I've been on YouTube a bit today doing a bit of research into future articles, and on one video I watched, Steve Kaufmann commented on the idea that has been doing the rounds that attention spans are shorter than ever. I grew up in the "MTV Generation", allegedly, and the "SMS and Twitter Generation" is apparently even worse than mine. Let's combine the two into the Attention Deficit Hyperactivity Generation -- the ADHG.
This is belief pervades much of modern thinking. For at least a dozen years, TV companies have been trying behind the scenes to devise ways of writing bite-sized TV programs for the ADHG. The conversation has switched from ideas of "webisodes" (the BBC experimented with this for two Flash-animated Doctor Who stories at the turn of the century, for example) to talk of TV programs for the mobile phone.
But this is nonsense. Cinemas may no longer show 4 hour epics, but aside from that, run lengths in most media have stayed stable.
A great example is the Star Trek series, simply because it has been running so long.
Looking at the details on Wikipedia and IMDB, you can see that in 1966 the original stories with Captain Kirk ran at 50 minutes each. The Next Generation, 1987-1994, was 45 minutes long, but this was mostly down to the increase in advert breaks, and the effective time taken to watch an episode would have remained the same. Deep Space Nine from 1993-1999 was exactly the same, as was Voyager (1995-2001) and finally Enterprise (2001-2005) was a mere minute shorter, which again we can put down to increasing advertising time. So over half a century, no more than 6 minutes of storytelling time has been lost, and the viewers are sat in front of the goggle-box for the same amount of time as before.
Now, what came out of the "webisode" model? Aside from the Doctor Who serieses already mentioned, the big one would be Sanctuary done with full CG sets. There were initially 8 episodes at 15-20 minutes each... but eventually they switched to a 42 minute television format, because that was more popular. So where's the evidence for reduced attention spans?
OK, yes, there's now 8 minutes less story time than a 1966 major drama, but that 8 minutes is 8 minutes more advertising -- that's 18 minutes of advertising to 42 minutes of viewing. Almost a third of your time in front of the TV is not following the story. To me that suggests a longer attention span, not a shorter one, but hey....
Anyway, this is a language blog, right? and Kaufmann was talking about how this mythological short attention span leads to daft ideas like 140-character Twitter messages for language learning.
Indeed, there is a massive amount of material out there for the ADHG. Radio Lingua's Coffee Break series, for example, consists of "podcast" courses of 80 lessons of 15-20 minutes. Of course, there's a lot of wasted time due to the faux-radio culture of podcasts. There's an announcement, followed by a theme song followed by a "welcome to the show", a short jingle, and finally the lesson starts after a full minute and a half (10% into the recording). And of course each episode ends with a goodbye, a jingle, and then an advert for the site (just in case you got it somewhere else). If quarter of an hour is too much for you, the same site offers a One Minute series. The invasiveness of the jingles, welcome, goodbye and site advert at the end is even worse, as each one-minute lesson is wrapped up in an MP3 of 3 minutes or thereabouts.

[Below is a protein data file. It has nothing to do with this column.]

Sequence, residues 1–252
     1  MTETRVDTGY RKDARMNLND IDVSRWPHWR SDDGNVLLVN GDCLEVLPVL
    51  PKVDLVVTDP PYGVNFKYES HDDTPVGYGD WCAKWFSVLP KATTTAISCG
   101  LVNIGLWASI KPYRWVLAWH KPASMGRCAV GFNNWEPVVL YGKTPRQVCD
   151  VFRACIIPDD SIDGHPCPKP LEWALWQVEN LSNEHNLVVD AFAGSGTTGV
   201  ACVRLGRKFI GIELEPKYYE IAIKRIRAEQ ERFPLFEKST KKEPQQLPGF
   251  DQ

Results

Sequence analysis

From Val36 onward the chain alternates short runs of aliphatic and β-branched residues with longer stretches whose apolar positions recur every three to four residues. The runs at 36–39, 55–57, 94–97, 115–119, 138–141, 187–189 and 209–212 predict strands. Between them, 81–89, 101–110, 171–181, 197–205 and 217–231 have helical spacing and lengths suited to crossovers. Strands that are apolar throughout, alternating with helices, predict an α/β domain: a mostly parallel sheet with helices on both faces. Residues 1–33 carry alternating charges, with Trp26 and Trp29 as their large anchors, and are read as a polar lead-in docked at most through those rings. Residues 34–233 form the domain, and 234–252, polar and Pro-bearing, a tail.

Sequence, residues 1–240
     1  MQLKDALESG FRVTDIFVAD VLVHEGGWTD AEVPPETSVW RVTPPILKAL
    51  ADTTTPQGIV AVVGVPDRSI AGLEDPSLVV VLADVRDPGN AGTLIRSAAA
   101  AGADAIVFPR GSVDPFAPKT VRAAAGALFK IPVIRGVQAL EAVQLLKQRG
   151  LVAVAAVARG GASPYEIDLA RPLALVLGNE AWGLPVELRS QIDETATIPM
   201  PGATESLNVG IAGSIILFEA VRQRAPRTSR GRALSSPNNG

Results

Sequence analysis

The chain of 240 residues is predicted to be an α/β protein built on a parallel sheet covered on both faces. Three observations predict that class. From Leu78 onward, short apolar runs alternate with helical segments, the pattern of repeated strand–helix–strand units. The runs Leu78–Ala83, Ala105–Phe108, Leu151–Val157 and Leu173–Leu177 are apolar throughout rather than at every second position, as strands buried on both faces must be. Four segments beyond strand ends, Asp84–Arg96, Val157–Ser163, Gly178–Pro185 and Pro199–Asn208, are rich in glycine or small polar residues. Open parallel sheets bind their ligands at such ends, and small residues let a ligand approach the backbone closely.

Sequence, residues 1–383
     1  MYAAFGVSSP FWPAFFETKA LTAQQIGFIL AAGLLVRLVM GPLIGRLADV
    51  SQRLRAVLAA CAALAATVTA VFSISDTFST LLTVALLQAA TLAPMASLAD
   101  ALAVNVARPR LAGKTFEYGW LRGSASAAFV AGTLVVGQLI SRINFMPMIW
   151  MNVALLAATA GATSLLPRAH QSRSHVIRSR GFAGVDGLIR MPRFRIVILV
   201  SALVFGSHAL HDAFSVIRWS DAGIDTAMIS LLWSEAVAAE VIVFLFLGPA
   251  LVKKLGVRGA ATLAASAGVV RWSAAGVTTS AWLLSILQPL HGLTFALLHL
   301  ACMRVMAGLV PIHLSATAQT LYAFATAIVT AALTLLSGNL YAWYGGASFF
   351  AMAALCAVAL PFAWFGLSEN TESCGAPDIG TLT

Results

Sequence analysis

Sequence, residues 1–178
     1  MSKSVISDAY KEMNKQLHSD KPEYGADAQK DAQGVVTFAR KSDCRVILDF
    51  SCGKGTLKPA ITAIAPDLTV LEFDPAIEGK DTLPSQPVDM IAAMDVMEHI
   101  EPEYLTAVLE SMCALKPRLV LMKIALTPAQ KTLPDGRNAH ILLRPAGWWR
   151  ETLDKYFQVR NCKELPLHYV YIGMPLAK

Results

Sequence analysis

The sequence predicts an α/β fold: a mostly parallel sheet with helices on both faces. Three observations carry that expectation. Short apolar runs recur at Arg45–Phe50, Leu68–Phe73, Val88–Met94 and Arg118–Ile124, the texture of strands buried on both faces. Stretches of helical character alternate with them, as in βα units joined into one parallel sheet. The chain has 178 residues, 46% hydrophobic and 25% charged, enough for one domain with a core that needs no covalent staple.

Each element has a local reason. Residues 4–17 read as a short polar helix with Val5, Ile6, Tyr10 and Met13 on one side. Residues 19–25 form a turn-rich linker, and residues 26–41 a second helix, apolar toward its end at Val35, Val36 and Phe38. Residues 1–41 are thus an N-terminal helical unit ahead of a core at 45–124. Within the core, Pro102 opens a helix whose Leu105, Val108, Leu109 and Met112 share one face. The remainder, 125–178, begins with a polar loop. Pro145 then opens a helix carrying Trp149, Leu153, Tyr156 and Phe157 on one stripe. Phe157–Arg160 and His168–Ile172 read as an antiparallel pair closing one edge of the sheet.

With so little time, something has to give. The One Minute series suffers from an acute lack of revision. As far as I'm concerned, if there's no revision, there's no teaching. What you're left with is a phrasebook, not a course. Coffee Break does retread some ground, but they do fall into the old trap of telling you to relisten to old lessons instead of programming in sufficient revision in future lessons. (Older LP, cassette or CD-based courses had to balance the cost of the additional recording media with the value of programmed revision, but a podcast class has no such excuse!)
And it's not just audio media that suffer for this perceived lack of attentiveness -- books are changed by the same philosophy. Everything's broken down and segmented into semi-self-contained units and sub-units, which means not exploiting connections. I was working with high-school kids using a book that introduced any new structure in the positive and worked on that, then in the negative and worked on that, then in the interrogative... But you know what? The rules for forming negatives and interrogatives in English are almost entirely regular, so these shouldn't need to be taught individually for every new strucure. But we have to keep things short -- it's the ADHG, don't you know.
But here comes the non-sequitur. At the same time as lamenting the lack of attention spans in "kids today", the course books exacerbate the problem. In the process of trying to make the material relevant to kids, they ignore the appropriacy of the format. Kids love magazines, right? So let's make our books more like magazines! Long before I took my sabbatical as a teacher, I'd read about this. Magazines are designed as much not to be read as to be read. You flick backwards and forwards, you glance at pictures, you read little lists of facts that distract you from the main article -- everything you don't want in a classroom.
Many school books actually undermine the learners' attention spans. So maybe the ADHG isn't a myth, but rather a self-fulfilling prophecy.